An effort to comply with updated seismic standards from the state of California, the MarinHealth Medical Center: Oak Pavilion is a 265,000-square-foot hospital replacement housing new inpatient, diagnostic, interventional, and emergency services. Community members of Greenbrae, Calif., requested that the new building not detract from the natural landscape surrounding it, inspiring a biophilic design inside and out. On the interior, patient rooms, waiting areas, and staff lounges are all organized around exceptional views, while the exterior features numerous gardens. Additionally, solariums are provided on every nursing unit, an indoor/outdoor space that allows patients direct access to fresh air. The project was submitted to the Design Showcase by Perkins Eastman. Here, project lead Jason Haim, principal and executive director at Perkins Eastman (Los Angeles), shares insight on some of the design solutions most celebrated by the jury.
Healthcare Design: The community expressed the desire for a building that blends into the natural landscape. How did you approach the design to ensure the structure was almost obscured on the site?
Jason Haim: The project is nestled into a sloping site, allowing the building to look smaller than it actually is. The four-story above-grade construction bottoms out at the west elevation, but the south and east elevations are excavated from the hillside that runs up to an existing five-story wing of the facility. This existing wing is dramatically linked to the lower level of the Oak Pavilion with a terraced garden, filled with boulders and flora local to Northern California. This garden steps up 40 feet from the public waiting rooms, linking the new wing of the project to an existing wing of the healthcare center.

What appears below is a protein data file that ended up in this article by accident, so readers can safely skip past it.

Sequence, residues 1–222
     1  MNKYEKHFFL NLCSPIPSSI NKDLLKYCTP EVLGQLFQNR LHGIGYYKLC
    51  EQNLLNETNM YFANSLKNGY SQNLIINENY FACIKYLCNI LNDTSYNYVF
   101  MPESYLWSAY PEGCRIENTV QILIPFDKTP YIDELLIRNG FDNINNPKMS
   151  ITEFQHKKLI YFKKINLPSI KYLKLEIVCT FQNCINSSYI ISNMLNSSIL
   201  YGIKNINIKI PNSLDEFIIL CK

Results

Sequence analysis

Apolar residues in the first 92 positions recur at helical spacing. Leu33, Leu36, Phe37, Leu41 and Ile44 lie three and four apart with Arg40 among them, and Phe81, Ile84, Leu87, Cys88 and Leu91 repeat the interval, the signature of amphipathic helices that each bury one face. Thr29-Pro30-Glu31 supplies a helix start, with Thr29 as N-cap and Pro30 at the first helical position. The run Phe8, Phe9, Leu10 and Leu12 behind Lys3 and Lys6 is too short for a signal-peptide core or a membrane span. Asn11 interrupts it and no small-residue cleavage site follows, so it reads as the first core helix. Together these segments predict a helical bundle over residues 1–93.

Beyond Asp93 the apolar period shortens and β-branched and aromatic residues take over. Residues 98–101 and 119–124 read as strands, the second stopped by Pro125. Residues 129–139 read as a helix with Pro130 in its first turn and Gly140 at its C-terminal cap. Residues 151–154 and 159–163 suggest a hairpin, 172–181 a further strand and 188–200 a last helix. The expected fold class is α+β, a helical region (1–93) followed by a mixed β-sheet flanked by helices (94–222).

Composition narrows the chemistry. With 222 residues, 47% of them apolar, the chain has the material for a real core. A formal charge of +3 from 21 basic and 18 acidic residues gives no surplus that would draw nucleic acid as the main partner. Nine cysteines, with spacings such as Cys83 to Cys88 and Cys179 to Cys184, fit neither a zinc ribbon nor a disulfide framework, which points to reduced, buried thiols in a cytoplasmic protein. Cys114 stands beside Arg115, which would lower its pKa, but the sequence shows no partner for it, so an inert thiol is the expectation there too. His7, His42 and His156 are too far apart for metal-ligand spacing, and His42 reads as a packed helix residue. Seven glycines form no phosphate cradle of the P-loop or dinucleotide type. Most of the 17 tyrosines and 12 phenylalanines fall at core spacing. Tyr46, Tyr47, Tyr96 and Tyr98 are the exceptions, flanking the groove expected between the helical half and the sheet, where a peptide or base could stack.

Stacking greenery over the building and using reflective glass curtain walls obscure the project within the natural landscape, rather than building over it—which is very important to the community of Marin County. The parking areas surrounding the Oak Pavilion were also dropped down a few feet to allow the ground floor plate to have views out to the riparian area across [the street] and to Mount Tamalpais instead of viewing the front of parked cars.
The project utilized faux rock retaining walls and a tremendous amount of local tree species and ground cover to help the building fit into its natural context. Roof gardens cover the majority of low-level roofs to help provide pleasant views for patients but also for residents who look down on Marin Medical Center from above.
The outdoor solariums are a standout feature. Where did the idea come from?
We wanted a way for the community to be immersed in nature and remain connected to the beauty of Marin County, even when they are at the hospital. With what we know about how nature contributes to wellness and our desire to create an architecture that exemplifies wellness—literally and figuratively—the solariums were a perfect architectural solution to a deep human desire to be connected to the landscape, to nature, to context.